Focus group research can help you shape plans

by Helen Randall, HKR Communications and Marketing

Most companies have discovered that investing a little to carry out research—about new products, in new markets, or among clients, employees, or other groups—can reap enormous rewards and help shape the future.

Many research tools are available, from a few well-placed telephone calls to complex surveys. Focus groups are another tool gaining in popularity among businesses of many sizes and types. In a nutshell, focus groups are small groups drawn from the larger audiences from which you need information. Participants are led through series of questions in conversational patterns. The group questioning process is structured enough to cause participants to give you the information you seek, yet informal enough that participants build on others' comments and ideas.

The biggest difference between surveys and focus groups is that the former gives you data; the latter gives information.

Where focus groups fit

One of the great things about this tool is that it is totally individualized to the project at hand. You can be seeking fresh ideas or trying to gauge reaction to changes you want to institute. In some instances, you may want to test a new product. Larger companies might test attitudes of employees.

When you do focus groups, you are saying something very important about your company or organization. You are showing an interest in what your clients, customers, employees, or other specified group thinks, and you are backing that up with an obvious investment of resources. People, in general, like to be asked to give their opinions, especially faceto-face. It is that old adage of being sure to stay in touch with each customer. It is also the very new adage of one-to-one relationship marketing—but done in group form.

The process

Formats for focus groups can vary. Some experts prefer to run very formal, high tech groups with video or one-way glass allowing further analysis. But most focus groups are informal and relatively casual. That is part of their charm. Two factors in the process should never vary:

  • You must assure participants of the complete confidentiality of their responses and participation.
  • You need someone from outside your firm to carry out the focus group project for you. While you need to be active at all planning stages, you simply are too involved to expect participants to open up with honesty.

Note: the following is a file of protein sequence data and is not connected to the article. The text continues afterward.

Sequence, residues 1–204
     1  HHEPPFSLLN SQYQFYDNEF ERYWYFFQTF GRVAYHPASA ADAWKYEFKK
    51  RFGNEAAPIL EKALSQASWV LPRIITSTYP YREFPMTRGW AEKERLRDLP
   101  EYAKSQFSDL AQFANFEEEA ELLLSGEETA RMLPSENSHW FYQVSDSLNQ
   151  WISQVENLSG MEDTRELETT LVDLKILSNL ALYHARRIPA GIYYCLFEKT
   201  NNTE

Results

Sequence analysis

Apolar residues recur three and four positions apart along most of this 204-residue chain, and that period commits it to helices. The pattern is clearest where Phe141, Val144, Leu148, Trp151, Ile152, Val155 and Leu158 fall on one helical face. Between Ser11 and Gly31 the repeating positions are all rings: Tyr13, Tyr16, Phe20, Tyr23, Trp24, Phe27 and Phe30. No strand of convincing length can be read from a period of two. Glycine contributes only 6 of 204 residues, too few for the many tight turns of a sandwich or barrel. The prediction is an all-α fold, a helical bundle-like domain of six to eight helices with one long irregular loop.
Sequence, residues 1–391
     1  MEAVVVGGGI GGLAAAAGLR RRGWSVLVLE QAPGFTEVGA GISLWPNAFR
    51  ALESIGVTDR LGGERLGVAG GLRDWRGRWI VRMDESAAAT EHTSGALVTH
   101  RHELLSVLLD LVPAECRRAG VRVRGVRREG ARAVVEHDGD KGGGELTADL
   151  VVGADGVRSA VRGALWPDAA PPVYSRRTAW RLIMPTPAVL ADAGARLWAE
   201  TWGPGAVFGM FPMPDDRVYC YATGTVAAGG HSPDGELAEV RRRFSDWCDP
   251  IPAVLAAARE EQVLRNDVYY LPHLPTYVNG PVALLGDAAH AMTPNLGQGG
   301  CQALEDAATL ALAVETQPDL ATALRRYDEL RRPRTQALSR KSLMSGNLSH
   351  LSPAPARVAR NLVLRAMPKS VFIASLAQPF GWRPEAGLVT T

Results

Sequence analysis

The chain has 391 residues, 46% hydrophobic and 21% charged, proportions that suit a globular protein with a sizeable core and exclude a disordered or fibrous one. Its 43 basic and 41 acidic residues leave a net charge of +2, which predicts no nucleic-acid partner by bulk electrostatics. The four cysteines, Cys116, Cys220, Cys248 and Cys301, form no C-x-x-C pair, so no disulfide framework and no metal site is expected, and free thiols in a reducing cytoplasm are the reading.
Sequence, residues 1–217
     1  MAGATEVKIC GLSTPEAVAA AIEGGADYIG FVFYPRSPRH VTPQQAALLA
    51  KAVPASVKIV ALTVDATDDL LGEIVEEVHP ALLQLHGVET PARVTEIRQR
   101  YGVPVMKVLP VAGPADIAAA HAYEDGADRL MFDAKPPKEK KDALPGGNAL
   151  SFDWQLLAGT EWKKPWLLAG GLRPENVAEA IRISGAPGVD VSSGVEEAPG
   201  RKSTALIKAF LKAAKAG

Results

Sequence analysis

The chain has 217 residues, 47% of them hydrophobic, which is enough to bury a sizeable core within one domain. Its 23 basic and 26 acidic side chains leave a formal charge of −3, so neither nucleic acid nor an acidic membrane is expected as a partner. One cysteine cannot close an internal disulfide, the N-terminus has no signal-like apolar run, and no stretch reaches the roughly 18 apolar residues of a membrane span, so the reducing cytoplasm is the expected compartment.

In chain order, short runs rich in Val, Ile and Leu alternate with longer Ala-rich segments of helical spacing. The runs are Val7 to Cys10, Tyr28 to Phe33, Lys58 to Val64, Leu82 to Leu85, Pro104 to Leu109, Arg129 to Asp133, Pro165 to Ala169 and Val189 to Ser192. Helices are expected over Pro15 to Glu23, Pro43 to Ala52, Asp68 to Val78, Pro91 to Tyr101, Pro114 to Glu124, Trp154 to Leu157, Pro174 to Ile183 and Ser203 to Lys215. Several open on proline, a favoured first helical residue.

Your initial step is to contact a person or an agency to carry out the focus group project for you. Many types of businesses can do this—ad agencies, marketing and public relations service firms, divisions of a nearby college or university—and they will vary as much in style as in price. Hand-inglove with the person or firm you select, you will develop a strategy and types of questioning or interaction that will bring back to you the information you feel you need.

If costs are a concern, you might assign in-company support employees to provide target audience lists, handle logistics, or communicate with participants.

In most cases, group sizes range from five to ten persons, and you will run as few as five to as many as 15 or 20 separate focus groups, layered strategically in makeup of participants. You also will need to consider where the groups will be held. How do geographic or demographic factors affect the information you are seeking? Plan to have refreshments or meals available, if appropriate. Participants usually receive some kind of incentive to participate. Focus group sessions usually are audio tape recorded.

Results—what you should expect

Focus group reports are frequently thick volumes you might think you will never read. The truly nice thing about focus group research and the reports that emerge is that the process is one of layers. Reports should be broken down into levels of information for you to use in the most advantageous way. Five recommended levels include:

  • raw notes from each session conducted
  • a separate report from each session covering topics researched or that emerged
  • an overall report of findings from the project, which packages for you information about the varied topics covered
  • an executive summary, gleaned from the overall report of findings
  • a list of recommendations from the consultant.

People read these bookish reports differently. The executive summary is all some people might read. Others will seek out every startling quote. Again, you must keep in mind that you are seeking and receiving information, not data.

Use your investment to your advantage

Remember, you asked . . . and you received! You will not always like what you learn through the focus group process, but you will definitely find you are able to make decisions that have some foundation.

It is often good practice—and tremendous public relations—to let your various constituencies know that you carried out this time-consuming project in order to improve your business or organization. It can go a long way toward creating loyalty or support for your business or products.

Helen Randall is a former ISU staff member who works with CIRAS. She now does focus group projects for a variety of companies and organizations and owns HKR Communications Marketing, 691 N.W. 66"' Place, Des Moines, IA 50313; 515-289-1312.

CIRAS News, Vol. 31, No. 4, Summer 1997